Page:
And here's the pitch! ECWC Post #2

Pitching in baseball is where the catcher and the pitcher try to outsmart the batter and either make him swing when he's not supposed to or  fake him out so he doesn't swing at a perfectly good pitch.

That's not what we are talking about here. But it is similar. I am throwing a potential home run to a potential catcher...wait, I think the metaphor just fell apart. At any rate, I've got something, they might want to catch it. They call it pitching.

We're talking about Industry Professionals: Agent and Editor pitches. Face to face. Just the story.

Before going to the conference, I researched some pitch strategy because I really didn't know what the heck I was doing. The best one, I thought, said to build a relationship of trust first. We had five minutes to 1) introduce ourselves, 2) talk about our book 3) ask or answer questions 4) exchange information for further contact. There wasn't a lot of room for building trust.

But I tried.

So after my experience with the page 1 (see last post) and they all didn't hate it, I actually changed my mind as to who I wanted to pitch to. One of the agents, (we'll call her L) seemed to really "get" my character and what I was trying to do. Afterward in the hall, I just tapped her on the shoulder and said, "I like you, but I didn't sign up to pitch to you." And she asked why not and I simply said, "I don't know. I didn't think you'd like my story." But then the girl who was next to me wanted to ask a question, so I lobbed the attention that a-way.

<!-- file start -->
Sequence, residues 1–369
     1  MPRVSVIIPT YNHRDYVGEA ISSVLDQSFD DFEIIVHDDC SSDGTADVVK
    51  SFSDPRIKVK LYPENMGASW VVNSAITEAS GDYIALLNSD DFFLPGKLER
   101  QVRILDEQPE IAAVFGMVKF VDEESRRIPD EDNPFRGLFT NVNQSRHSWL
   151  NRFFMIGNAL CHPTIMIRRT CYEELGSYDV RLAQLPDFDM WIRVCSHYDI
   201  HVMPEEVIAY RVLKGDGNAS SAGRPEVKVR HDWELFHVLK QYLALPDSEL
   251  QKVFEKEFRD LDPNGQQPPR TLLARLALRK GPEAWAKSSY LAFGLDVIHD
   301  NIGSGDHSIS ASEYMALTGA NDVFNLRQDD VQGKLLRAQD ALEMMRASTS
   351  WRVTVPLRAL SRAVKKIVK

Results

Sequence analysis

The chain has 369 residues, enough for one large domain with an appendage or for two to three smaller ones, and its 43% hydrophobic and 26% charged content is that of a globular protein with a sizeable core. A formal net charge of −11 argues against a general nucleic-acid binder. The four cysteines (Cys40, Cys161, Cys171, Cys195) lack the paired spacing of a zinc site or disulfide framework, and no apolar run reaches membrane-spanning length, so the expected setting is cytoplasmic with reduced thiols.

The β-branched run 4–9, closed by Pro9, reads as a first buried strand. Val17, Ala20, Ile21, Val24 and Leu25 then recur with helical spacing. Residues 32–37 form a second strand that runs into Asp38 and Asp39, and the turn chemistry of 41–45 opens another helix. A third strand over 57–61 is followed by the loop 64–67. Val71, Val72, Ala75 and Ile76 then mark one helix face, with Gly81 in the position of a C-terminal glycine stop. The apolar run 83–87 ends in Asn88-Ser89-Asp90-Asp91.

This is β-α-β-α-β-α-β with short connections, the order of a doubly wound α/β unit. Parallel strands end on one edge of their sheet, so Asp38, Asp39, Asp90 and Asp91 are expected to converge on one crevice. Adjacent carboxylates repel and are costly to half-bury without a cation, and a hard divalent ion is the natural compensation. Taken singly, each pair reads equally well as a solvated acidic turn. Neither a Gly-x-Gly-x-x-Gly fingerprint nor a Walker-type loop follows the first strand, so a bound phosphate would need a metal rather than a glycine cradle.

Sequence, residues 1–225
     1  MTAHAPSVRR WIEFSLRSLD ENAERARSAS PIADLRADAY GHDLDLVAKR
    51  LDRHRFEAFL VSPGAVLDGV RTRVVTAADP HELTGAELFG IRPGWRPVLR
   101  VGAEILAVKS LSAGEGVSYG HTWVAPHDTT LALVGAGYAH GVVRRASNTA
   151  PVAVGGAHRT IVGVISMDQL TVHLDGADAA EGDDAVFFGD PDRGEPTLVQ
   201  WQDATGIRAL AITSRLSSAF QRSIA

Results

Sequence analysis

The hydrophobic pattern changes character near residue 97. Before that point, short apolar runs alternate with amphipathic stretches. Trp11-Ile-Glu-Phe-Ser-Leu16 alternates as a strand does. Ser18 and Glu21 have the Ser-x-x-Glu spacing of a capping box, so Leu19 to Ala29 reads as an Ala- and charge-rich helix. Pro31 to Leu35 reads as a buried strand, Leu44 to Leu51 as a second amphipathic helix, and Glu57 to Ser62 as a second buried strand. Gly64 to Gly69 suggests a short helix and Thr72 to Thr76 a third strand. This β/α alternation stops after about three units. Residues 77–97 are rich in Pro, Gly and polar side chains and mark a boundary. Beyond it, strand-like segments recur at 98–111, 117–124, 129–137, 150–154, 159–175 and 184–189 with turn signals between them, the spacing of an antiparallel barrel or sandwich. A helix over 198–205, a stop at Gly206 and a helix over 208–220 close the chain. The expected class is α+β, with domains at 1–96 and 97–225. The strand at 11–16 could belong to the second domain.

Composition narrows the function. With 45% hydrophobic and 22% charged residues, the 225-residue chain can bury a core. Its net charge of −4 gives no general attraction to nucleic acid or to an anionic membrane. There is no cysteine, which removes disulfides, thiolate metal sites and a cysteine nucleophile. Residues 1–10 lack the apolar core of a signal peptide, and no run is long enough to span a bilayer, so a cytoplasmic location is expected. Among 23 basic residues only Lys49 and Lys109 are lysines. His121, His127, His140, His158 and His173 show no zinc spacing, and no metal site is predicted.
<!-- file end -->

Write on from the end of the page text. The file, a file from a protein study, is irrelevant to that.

Guess what I did? I switched around my pitching appointment to L--the very first one of the day. I felt pretty confident going in there because I knew she already liked my first page AND I'd already talked to her so she didn't seem so intimidating. So I went in and she asked me after my pitch if we had read the page 1 the day before (She remembered!) and asked for a full.

The second pitch, went well and we had extra time, so I asked her what she was reading.

Now we only got two pitches but I hovered around the front sign in table and asked if there was anything open. They had two minutes left in a "round" and they said someone canceled and I could jump in and pitch. Since my pitch was short and because I asked, I got an opportunity to pitch a third time. There's a life lesson in there somewhere...

 I read a startling statistic somewhere that most people who go to conferences and pitch don't ever turn in their work. That made me sad.

There are so many opportunities out there, if we are prepared, watching for them, asking for them, and follow through we might just be able to make our dreams come true. Now that sounds like batting.

Next week, I'm going to talk about the Passport to Romance and I've got a picture of me with a bunch of male models.


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